It's not too late to sign up for Obamacare

But if you wait much longer you could face a fine

Published: January 21, 2015 06:30 PM

It’s still not too late to sign up for insurance in your state’s marketplace. Open enrollment for Obamacare continues until Feb. 15. Meet that deadline, and you will be insured on March 1, with no penalty.  

And if the plan you purchased in 2014 plan was automatically renewed on Jan. 1, you can still change your mind, comparison shop, and pick a new policy in February. And there are lots of good reasons to to shop around, as plans change from year to year.

Even better news: It’s not too late to apply for a tax credit that can help slash premiums. This year, nearly 9 out of 10 people who purchased insurance in state marketplaces have qualified for financial assistance. Last year, tax credits cut the average premium by 76 percent—to just $82 per month. Almost half of those who received subsidies wound up paying $50 or less. See if you might qualify for a subsidy.

Who has to pay fines?

Even if you don’t have insurance in January and February, you won’t have to pay a fine as long as you sign up for health insurance by Feb. 15. That will in time to start coverage by March 1. (That insurance could come from a government program such as Medicare, Veteran's Affairs (VA) coverage, or the Children’s Health Insurance program (CHIP).  

Insurance through an employer counts, too, provided the plan offers free preventive care. 
Most policies offered by employers meet that standard—but not all. Some have tried to offer plans that don't include hospitalization. Three months ago the Department of Health and Human Services ruled that these plan will not qualify. The employee cannot be fined, but because his employer is offering sub-standard insurance, the employee is free to buy coverage in his state marketplace where he can apply for a subsidy.

Or the insurance could come through your state marketplace. Any plan you buy there will meet the minimum insurance requirements.

Even if you don't have insurance, though, you migh be able to avoid a fine if you qualify for one of the many exemptions that are built into the Affordable Care Act.

How high are the fines?

Depending on your income, you will either pay a flat dollar amount or a percentage of your income above what the Internal Revenue Service calls your “filing threshold”—roughly $10,000 for an individual, $20,000 for a couple. But because the government would much rather have you sign up for insurance than pay a fine, it caps penalties at the national average for a "Bronze" plan in the state marketplaces, the least expensive option, hoping that will encourage people to sign up for coverage.

The penalties will be getting steeper in 2015, however. Families that were uninsured in 2014 will, come tax time, pay the higher of either 1 percent of their income above their “filing threshold” or $95 per adult and $47.50 per child (up to a maximum of $285).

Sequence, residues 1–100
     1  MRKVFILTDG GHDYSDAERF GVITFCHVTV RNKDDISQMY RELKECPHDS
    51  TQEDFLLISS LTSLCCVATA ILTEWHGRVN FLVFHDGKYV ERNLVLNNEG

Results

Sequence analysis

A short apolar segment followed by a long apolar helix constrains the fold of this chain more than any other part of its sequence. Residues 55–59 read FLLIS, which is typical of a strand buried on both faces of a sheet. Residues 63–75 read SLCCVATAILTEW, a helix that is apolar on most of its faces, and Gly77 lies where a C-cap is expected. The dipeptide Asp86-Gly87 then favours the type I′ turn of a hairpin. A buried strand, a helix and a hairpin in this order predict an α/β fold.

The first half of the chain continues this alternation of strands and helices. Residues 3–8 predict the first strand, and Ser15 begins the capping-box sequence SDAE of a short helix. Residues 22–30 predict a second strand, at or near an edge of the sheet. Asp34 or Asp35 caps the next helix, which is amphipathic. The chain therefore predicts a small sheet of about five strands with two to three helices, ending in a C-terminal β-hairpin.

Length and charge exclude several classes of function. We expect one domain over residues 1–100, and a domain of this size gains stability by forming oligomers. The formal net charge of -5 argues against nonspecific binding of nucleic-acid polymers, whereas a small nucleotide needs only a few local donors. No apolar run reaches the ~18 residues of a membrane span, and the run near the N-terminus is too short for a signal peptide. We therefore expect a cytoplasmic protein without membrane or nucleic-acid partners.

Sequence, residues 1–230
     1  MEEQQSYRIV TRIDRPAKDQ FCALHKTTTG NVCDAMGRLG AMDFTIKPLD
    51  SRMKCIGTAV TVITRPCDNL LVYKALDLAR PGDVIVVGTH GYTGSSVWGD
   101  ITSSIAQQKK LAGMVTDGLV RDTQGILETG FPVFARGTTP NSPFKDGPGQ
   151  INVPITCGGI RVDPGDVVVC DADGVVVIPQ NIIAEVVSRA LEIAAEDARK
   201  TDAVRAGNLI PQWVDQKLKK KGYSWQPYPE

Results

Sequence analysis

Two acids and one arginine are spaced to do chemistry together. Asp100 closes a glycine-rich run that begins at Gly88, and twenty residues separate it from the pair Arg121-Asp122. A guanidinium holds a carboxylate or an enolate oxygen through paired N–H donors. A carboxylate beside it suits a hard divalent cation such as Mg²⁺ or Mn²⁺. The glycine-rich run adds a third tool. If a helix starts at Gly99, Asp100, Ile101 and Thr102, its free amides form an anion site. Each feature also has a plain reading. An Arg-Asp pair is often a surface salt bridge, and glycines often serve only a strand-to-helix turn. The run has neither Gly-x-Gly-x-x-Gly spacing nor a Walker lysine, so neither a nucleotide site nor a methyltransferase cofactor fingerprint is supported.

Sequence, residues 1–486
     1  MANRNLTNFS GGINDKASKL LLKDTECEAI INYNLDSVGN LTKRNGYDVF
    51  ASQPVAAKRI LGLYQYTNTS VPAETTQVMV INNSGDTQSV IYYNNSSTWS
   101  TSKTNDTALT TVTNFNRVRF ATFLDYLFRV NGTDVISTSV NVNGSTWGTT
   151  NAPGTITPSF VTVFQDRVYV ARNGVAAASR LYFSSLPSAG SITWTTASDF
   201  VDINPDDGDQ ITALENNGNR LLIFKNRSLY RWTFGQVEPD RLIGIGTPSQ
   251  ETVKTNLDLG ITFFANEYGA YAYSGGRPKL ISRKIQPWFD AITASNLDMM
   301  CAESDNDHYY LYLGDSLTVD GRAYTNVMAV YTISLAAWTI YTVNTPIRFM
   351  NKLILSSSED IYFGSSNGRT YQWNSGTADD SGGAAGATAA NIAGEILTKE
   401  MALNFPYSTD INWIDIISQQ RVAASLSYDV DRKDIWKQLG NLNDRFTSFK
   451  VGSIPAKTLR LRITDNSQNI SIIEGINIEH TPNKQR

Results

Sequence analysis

In 2015, however, that jumps to the higher of either 2 percent of income over those thresholds, or $325 per adult and $162.50 per child (up to a maximum of $975 for a family of three or more).

So an uninsured family of two adults and two children who earns $70,000 would have to pay a fine of about $500 in 2014 but $975 in 2015.

How will the fine be collected?

If you were uninsured in 2014, the IRS will deduct the fine from any tax refund that you might expect this spring. If you’re not due a refund, don’t worry: The IRS won’t come after you or throw you in jail, as you may have heard. Instead, they will just wait until the next year (or the year after that), subtracting fines from any future refunds.

Read more about how to apply for, select, and use health insurance, including Medicare. And use our health insurance rankings to compare health insurance plans in your area.

Is it a better deal to pay the fine or buy insurance?

To find out, you’ll want to compare your possible fine and insurance premium—and consider what you get in return for your premium. To make that determination, take these steps:

1. Use the Turbotax calculator to estimate how much your family will owe if you don’t buy insurance by Feb. 15. (Just type in your age, size of your household, income, and ZIP code.)

2. Use the Kaiser Family Foundation’s calculator to see if you would qualify for a subsidy, and what you would pay for a silver plan (the most popular Obamacare plan) where you live. (The calculator also offers information on the less-expensive bronze plan.)

3. Compare the penalty to the premium. If you are young, you may find that the premium is almost the same or even lower than the penalty, in which case the choice is no-brainer. But even if the premium is more, consider: Do you want to pay the fine, and get nothing in return, or buy insurance through Obamacare and receive free preventive care (including screening, shots, and contraception), plus a long list of covered benefits

—Maggie Mahar

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